Dispelling Six Common Dental Myths

tooth playing with floss

Many people have a degree of fear and anxiety associated with going to the dentist. For some people, this fear is severe enough that it keeps them away from the dentist for years at a time; these people suffer from dental phobia. While there are a variety of reasons that people fear going to the dentist, these fears are often perpetuated by persistent myths regarding dental care. Dispelling these myths, then, is key to helping people feel more comfortable visiting the dentist. Let’s consider some common dental myths and the truth behind the misconceptions:

If your teeth are white, they are healthy. You only need to have your television on for a few minutes before you see a commercial advertising a tooth whitening system. The message is clear: white teeth are beautiful and desirable. But does that mean they’re healthy? Possibly, but not necessarily. Teeth can be white while also having cavities or infections between them. Additionally, our teeth naturally become a bit discolored as we age; this doesn’t mean that they’re unhealthy.

Kids get more cavities than adults. Many adults think that they’re in the clear when it comes to tooth decay. After all, they reason, cavities are only a concern for kids. Unfortunately, that’s simply not the case. Senior citizens in particular are at a greater risk of developing cavities, in large part due to medications that reduce saliva and dry out the mouth. Additionally, the rate of cavities in children has decreased significantly over the last couple of decades, thanks to the addition of fluoride in many public water systems. The bottom line: your age– whether you’re school-aged or elderly– doesn’t exempt you from the risk of developing cavities.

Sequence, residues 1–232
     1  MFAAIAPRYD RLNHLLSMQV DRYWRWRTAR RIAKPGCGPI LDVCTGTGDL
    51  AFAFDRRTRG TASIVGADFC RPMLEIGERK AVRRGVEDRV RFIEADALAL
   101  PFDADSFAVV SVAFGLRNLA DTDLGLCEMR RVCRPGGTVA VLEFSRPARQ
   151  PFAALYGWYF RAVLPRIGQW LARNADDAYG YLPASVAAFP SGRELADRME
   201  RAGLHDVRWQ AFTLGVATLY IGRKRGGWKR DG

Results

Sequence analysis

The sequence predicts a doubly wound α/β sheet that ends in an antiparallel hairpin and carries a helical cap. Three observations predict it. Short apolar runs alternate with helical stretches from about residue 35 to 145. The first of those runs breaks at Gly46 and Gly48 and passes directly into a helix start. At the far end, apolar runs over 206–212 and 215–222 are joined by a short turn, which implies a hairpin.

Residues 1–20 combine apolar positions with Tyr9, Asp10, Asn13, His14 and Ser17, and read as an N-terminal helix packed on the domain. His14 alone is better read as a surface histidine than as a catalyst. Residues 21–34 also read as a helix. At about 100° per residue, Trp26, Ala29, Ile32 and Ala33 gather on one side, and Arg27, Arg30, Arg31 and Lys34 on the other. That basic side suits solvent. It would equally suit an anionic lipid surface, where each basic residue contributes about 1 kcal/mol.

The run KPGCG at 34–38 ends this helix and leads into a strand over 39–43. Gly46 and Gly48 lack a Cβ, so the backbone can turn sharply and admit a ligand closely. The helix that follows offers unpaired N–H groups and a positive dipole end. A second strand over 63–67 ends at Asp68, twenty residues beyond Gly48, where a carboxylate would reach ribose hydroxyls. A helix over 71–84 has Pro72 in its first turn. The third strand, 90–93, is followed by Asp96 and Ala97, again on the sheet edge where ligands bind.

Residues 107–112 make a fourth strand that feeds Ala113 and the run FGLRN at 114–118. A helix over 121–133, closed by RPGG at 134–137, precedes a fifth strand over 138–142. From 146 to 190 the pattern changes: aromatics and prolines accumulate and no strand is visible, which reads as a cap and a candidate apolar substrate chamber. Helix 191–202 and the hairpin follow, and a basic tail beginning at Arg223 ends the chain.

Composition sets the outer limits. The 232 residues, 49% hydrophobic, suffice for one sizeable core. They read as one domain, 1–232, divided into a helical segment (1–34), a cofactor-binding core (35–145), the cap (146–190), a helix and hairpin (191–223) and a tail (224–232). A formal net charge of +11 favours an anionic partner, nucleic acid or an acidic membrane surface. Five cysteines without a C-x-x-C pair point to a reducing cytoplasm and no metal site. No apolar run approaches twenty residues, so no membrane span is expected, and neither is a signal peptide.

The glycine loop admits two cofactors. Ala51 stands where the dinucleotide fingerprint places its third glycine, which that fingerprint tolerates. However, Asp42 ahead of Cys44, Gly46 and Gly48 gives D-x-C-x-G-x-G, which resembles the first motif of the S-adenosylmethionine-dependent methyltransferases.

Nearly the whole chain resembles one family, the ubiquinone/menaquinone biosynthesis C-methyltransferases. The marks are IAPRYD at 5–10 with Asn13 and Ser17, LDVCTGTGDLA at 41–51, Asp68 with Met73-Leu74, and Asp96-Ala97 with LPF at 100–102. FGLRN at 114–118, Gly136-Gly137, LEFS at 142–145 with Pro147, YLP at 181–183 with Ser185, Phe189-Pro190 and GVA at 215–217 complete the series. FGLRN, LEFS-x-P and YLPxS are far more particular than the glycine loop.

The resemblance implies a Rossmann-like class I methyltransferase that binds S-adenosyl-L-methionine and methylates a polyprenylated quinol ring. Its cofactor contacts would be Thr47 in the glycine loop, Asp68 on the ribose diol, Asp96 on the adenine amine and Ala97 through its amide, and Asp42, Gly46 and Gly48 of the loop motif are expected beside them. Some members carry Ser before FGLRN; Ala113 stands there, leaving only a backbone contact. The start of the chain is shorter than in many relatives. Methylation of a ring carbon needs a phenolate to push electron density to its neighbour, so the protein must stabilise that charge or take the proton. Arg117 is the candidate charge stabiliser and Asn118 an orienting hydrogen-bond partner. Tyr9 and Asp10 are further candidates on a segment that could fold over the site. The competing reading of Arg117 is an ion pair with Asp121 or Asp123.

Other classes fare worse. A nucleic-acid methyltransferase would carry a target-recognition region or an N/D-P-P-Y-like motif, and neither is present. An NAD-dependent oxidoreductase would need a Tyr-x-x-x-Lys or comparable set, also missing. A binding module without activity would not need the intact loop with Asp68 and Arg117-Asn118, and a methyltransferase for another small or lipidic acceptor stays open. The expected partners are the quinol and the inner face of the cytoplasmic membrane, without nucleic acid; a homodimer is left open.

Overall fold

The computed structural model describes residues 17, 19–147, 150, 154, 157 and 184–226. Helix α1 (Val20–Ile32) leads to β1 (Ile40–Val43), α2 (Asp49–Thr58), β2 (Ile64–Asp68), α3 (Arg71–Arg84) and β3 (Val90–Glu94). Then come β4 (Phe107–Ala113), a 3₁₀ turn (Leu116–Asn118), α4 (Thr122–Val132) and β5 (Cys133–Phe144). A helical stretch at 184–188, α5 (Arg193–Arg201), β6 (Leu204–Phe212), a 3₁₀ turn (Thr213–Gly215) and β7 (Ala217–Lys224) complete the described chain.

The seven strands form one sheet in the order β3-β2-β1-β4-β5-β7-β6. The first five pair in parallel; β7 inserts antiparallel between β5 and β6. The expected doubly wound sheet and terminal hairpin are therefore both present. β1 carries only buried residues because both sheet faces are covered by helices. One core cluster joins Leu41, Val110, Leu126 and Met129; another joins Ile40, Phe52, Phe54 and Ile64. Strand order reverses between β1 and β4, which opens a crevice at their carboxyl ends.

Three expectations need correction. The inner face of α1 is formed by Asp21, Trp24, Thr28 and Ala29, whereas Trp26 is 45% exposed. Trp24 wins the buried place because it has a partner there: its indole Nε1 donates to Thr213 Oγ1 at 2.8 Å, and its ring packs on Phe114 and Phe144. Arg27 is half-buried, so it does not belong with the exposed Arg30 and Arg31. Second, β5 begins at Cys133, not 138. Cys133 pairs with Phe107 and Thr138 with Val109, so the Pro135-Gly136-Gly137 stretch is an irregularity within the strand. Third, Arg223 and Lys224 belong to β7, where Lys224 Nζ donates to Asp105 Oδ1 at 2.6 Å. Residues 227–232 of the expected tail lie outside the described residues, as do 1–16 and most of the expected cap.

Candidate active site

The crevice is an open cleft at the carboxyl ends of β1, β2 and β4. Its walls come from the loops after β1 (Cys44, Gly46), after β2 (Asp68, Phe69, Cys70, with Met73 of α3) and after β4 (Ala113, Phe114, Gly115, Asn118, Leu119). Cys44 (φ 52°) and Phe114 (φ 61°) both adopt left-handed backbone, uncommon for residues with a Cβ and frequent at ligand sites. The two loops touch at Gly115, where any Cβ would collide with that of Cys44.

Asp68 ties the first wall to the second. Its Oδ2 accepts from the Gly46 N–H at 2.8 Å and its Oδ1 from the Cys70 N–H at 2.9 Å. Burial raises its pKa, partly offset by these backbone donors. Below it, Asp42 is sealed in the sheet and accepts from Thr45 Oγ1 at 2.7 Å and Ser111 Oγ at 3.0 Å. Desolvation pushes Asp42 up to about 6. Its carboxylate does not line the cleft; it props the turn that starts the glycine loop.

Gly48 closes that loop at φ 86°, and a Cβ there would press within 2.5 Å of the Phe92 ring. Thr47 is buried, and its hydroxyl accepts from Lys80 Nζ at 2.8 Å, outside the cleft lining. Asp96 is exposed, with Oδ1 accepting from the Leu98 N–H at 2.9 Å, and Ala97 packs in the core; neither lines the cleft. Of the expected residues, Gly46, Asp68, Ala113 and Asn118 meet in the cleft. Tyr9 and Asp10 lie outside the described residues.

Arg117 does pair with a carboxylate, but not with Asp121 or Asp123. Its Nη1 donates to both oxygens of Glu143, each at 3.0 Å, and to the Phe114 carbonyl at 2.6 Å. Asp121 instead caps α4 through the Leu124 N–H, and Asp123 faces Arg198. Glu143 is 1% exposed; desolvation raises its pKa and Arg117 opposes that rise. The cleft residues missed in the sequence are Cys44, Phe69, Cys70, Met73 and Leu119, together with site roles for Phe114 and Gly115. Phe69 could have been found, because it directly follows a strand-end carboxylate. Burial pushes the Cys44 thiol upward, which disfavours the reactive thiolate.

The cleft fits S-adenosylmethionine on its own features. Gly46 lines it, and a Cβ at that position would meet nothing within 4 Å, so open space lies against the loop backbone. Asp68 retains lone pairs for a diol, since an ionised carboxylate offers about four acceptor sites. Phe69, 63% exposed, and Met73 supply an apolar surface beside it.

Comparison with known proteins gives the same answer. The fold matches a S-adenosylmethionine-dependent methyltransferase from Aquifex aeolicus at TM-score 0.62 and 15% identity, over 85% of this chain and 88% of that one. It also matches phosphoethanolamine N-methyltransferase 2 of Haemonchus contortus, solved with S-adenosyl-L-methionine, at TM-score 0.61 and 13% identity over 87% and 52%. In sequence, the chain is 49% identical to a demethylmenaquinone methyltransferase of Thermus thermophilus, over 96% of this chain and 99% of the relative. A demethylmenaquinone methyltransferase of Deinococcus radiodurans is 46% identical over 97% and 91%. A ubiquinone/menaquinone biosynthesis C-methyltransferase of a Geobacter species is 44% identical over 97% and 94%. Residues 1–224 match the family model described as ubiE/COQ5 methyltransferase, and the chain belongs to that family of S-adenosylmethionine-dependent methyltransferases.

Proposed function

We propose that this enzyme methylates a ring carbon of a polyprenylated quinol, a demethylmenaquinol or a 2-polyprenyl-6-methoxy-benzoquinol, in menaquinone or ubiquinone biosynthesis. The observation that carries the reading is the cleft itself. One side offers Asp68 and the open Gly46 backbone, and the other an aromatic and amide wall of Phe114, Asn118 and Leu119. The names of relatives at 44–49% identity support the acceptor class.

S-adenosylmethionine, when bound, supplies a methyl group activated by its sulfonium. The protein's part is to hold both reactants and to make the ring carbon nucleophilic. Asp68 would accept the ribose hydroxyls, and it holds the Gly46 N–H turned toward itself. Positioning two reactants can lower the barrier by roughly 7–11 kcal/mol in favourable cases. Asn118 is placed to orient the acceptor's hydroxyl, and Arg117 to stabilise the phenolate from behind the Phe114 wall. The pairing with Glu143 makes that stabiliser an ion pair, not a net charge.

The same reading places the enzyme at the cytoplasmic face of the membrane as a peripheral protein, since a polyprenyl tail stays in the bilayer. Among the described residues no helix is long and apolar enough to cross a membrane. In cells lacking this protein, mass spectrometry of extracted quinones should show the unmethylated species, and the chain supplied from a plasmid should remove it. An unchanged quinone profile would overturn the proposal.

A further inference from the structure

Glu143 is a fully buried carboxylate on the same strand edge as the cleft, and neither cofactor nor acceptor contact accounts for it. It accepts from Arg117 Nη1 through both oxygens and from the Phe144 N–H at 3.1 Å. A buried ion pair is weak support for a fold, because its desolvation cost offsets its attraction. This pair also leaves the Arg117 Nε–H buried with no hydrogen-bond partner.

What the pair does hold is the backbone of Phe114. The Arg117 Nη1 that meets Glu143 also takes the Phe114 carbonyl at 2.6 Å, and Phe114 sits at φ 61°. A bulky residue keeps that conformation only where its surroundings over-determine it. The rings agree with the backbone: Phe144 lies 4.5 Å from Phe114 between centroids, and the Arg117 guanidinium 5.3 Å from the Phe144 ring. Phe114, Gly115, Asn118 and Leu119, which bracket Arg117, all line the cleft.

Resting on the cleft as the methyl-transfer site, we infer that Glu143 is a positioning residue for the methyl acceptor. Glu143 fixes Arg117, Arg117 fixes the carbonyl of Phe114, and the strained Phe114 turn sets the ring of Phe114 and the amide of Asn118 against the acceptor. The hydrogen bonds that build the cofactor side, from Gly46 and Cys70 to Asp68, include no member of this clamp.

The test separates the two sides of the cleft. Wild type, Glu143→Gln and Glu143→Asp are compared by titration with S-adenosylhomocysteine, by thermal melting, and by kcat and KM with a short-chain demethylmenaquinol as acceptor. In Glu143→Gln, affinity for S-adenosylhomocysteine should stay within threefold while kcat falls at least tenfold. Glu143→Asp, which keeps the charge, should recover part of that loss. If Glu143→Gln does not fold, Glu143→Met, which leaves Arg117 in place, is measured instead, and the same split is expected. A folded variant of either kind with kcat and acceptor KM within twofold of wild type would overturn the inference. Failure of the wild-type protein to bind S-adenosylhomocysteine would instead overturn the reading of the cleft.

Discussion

Flossing is not as important as brushing. If you brush your teeth when you wake up in the morning and before you go to bed at night, you’re in the clear. Right? Not exactly. Cavities are actually more likely to develop between the teeth in spots that are difficult to reach with a toothbrush. Thus, flossing isn’t just an extra step to add into your oral hygiene routine when you have time; it needs to be an essential part of your everyday oral care.

Sugar is the only thing that causes cavities. It’s widely known that sugar isn’t a tooth’s best friend, but is it the only cause of decay? As it turns out, the actual cause of tooth decay is acid that’s produced by bacteria in the mouth. So why does sugar get such a bad rap? Sugar– and any other carbs you eat– provide fuel for the acid-producing bacteria in your mouth. This doesn’t mean that you have to avoid sugar entirely, of course; just make sure you brush your teeth after indulging in your favorite carbs!

Cavities are always painful. Many people don’t visit the dentist regularly, reasoning that if their teeth don’t hurt, they couldn’t possibly have any cavities. Unfortunately, that’s simply not the case. Cavities can be painful, of course, but that’s typically after they’ve grown larger. Visiting the dentist regularly– every 6 months– allows your dentist to catch and treat cavities before they have a chance to become painful.

If your teeth are sensitive, you have a cavity. Millions of people experience tooth sensitivity at some point in their lives. Many rush to the dentist, assuming that they have a cavity. While tooth decay can cause sensitivity, there are many other reasons why your teeth might be extra sensitive to hot or cold. Some common reasons for tooth sensitivity include: teeth grinding or clenching, gum recession, and worn enamel due to aggressive brushing. Only your dentist can determine the reason for your tooth sensitivity.

For more information regarding the truth behind common dental myths, contact us today.

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